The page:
Jenkins discusses community violence, successful initiatives, and implementation science on ncIMPACT
Robin Jenkins, PhD, senior implementation specialist at the UNC Frank Porter Graham Child Development Institute (FPG), was a guest on PBS television’s ncIMPACT, in an episode that premiered on March 3. The episode, which focused on community violence, included a round-table discussion featuring Jenkins, Stephanie Hawkins Anderson, PhD, program director for youth, violence prevention and community justice at RTI International, and Rob Lang, Assistant U.S. Attorney for the Middle District of North Carolina. Alongside host Anita Brown-Graham, JD, the founder and director of the ncIMPACT Initiative at the UNC School of Government, the panelists focused on the issue of community violence and successful programs and initiatives around the state that are helping to make communities safer.
Jenkins—who has worked throughout his career at the intersection of human services and public policy including close involvement with the juvenile justice system—says that his background as a community clinical psychologist and his involvement throughout his career with the juvenile justice system prepared him to appear on the program. He served as chief deputy secretary of the Division of Juvenile Justice of the NC Department of Public Safety and spent years providing services in or administering programs at the community level, with
many focused on violence intervention and prevention, before joining FPG in 2017.
This background enabled Jenkins to share with the ncImpact audience his perspective on what communities can do to identify and prevent community violence. He highlighted the approach of Cure Violence, a violence prevention public health methodology that uses evidence-informed strategies to address the multi-layered causes of violence. Jenkins notes that violence occurs because of structural, economic, social norm, historical and opportunistic factors. Given this, a multi-pronged collaborative approach—including effective community-oriented and problem-solving policing, social programs designed and operated with lived experience in shared power roles, and faith communities—is needed to address the epidemic of violence.
Jenkins sings the praises of Brown-Graham and ncImpact. “Anita has such a big-picture idea of how to make the world better and is very deliberate about doing that at different levels of government,” he says. He appreciated her insightful questions that make the program relevant. Brown-Graham focused on defining the problem of community violence, examining how some local communities are addressing the issue, and interrogating which approaches offer promise.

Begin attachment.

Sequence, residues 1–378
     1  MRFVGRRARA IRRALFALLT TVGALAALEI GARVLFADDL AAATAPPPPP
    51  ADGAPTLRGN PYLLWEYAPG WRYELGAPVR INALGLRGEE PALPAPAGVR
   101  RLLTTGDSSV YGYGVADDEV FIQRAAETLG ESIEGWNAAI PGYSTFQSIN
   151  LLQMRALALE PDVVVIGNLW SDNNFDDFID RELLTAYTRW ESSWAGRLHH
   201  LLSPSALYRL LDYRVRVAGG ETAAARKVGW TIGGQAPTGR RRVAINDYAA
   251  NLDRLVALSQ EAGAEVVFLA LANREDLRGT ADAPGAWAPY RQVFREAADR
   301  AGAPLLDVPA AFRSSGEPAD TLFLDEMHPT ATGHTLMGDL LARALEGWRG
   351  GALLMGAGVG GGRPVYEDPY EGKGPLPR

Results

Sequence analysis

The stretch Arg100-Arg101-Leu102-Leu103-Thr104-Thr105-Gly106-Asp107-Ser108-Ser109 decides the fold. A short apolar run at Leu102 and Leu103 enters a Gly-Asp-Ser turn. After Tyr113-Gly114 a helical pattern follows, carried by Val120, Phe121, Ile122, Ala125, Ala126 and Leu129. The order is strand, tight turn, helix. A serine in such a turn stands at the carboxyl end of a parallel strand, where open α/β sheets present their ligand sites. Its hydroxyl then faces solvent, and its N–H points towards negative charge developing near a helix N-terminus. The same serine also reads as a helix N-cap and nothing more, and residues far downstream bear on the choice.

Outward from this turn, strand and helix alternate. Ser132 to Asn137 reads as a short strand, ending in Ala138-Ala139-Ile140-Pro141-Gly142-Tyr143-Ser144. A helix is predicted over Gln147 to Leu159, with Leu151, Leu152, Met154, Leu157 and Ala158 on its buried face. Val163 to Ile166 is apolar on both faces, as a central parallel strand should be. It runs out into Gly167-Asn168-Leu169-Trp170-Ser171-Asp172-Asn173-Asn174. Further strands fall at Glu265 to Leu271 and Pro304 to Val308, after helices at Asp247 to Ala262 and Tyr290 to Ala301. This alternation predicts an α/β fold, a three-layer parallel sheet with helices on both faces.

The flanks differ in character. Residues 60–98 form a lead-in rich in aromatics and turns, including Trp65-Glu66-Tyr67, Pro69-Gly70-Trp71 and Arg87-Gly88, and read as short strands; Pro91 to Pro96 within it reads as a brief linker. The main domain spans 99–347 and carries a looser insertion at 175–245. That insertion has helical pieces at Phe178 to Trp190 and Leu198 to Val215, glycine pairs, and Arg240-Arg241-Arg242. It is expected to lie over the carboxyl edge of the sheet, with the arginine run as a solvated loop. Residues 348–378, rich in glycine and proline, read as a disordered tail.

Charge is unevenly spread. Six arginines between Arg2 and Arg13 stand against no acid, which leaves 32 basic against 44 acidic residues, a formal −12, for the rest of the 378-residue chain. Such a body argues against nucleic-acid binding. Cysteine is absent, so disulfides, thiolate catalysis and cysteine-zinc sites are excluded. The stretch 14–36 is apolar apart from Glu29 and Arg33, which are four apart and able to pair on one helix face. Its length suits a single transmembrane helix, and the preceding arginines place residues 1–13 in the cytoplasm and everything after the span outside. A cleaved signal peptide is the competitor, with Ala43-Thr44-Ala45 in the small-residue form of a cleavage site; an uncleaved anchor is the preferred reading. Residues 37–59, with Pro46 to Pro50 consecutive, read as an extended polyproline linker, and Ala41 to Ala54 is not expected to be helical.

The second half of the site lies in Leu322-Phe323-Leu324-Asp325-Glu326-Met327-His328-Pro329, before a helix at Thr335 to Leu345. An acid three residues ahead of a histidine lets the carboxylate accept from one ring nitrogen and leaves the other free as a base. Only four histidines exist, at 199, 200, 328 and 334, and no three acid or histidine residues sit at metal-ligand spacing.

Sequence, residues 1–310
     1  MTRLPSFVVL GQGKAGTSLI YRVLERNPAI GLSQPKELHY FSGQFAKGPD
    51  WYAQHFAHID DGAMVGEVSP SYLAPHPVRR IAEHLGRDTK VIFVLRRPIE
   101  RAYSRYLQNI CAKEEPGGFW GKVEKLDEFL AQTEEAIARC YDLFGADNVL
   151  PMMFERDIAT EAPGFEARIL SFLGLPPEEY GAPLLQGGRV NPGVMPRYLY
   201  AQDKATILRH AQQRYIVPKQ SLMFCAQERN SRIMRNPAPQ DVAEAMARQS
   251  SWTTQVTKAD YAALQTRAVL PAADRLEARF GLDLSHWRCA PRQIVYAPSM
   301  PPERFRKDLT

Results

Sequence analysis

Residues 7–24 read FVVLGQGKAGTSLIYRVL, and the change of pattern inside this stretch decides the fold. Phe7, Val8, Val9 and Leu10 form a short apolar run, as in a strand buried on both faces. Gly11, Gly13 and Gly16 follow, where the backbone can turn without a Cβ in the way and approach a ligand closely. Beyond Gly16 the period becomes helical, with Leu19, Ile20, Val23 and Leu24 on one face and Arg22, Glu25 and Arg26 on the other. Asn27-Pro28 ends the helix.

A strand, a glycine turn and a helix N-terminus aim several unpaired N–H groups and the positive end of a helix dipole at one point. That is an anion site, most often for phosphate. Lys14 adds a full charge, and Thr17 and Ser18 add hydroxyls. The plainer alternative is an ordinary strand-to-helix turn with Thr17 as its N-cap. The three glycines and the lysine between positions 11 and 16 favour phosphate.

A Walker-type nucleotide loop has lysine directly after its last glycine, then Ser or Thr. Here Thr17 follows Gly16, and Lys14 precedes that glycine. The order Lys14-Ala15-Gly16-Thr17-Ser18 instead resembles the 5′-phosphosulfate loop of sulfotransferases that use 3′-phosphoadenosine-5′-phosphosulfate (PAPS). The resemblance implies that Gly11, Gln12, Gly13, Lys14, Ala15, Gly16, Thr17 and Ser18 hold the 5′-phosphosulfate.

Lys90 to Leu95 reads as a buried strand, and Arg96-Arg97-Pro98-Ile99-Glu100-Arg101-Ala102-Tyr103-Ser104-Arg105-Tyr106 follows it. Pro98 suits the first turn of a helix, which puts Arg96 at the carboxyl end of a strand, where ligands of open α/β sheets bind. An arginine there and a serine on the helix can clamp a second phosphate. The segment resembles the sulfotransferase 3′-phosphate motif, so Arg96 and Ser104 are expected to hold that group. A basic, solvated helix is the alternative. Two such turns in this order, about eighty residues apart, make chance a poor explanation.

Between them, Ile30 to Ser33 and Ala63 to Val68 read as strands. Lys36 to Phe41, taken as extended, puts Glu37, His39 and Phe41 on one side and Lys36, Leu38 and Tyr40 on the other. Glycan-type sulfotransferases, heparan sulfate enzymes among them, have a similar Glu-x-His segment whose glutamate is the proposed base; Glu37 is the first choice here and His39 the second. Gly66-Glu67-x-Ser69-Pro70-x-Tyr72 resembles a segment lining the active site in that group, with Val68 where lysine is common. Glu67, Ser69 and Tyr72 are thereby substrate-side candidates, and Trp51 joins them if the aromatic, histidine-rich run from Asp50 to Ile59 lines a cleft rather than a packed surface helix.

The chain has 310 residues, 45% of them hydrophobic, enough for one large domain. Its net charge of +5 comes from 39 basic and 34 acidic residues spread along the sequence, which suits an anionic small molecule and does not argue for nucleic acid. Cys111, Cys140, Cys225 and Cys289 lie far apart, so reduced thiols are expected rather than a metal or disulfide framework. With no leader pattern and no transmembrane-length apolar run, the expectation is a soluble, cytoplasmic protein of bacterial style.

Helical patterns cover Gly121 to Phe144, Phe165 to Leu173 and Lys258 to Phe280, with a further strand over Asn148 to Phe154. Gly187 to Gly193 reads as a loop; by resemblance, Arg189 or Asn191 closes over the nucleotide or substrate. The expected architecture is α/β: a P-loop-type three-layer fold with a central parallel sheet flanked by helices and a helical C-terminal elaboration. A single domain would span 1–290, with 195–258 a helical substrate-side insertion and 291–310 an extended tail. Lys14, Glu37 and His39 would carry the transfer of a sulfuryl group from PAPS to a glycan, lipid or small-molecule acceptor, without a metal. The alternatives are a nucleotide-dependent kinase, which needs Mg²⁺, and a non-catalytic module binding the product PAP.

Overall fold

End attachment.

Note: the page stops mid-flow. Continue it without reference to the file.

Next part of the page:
Lang, the U.S. Attorney, emphasized the primacy of relationship building of key organizations, champions, and stakeholders in each community that can pull together a network of effective thinkers and resources to address the problem. Hawkins Anderson shared years of research experience around prevention, intervention, and community-based violence, particularly with structural issues that contribute to racism and problematic policing.
Toward the end of the program, Brown-Graham asked Jenkins what he would say, as an implementation scientist, to communities about how to choose and implement programs. He discussed the multi-layered strategy before running out of time and says that he would have told the audience that fit, feasibility, and usability are critical when choosing an intervention.
“Communities need to make sure that the context, timing and resources are available to do a good job in implementing a program and/or strategy,” says Jenkins. “It is also important to define the core elements of the intervention and then build readiness and capacities within the support system in the local community to ensure that programs and strategies are delivered with fidelity and alignment with collective voice and vision.”
“Communities need to make sure that the context, timing and resources are available to do a good job in implementing a program and/or strategy,” says Jenkins. “It is also important to define the core elements of the intervention and then build readiness and capacities within the support system in the local community to ensure that programs and strategies are delivered with fidelity and alignment with collective voice and vision.” He also stressed the importance of having evaluation systems and continuous learning processes in service to ongoing learning, community engagement, and acknowledgement of support system challenges that need to collectively be solved.
Jenkins hopes that the show offers optimism to communities, noting that even when levels of violence seem high and stakeholders feel frustrated, there are solutions. While recognizing that these strategies are often multi-year and multi-layered, Jenkins says that it is important for viewers to have hope and know that help exists.
He adds that FPG has the potential to help with community violence prevention, with the Institute’s rich continuum of resources around early childhood research and ways of helping families and communities nurture resilient and healthy children. Jenkins understands that people may wonder how child development connects with community violence prevention. “But if you think about all the developmental outcomes that come from trauma and trauma-induced communities and the factors that drive people to engage in social norms that allow violence, drugs, and other community problems, you realize that FPG has a critical role in helping communities and families know what it takes to nurture healthy children and families,” he says.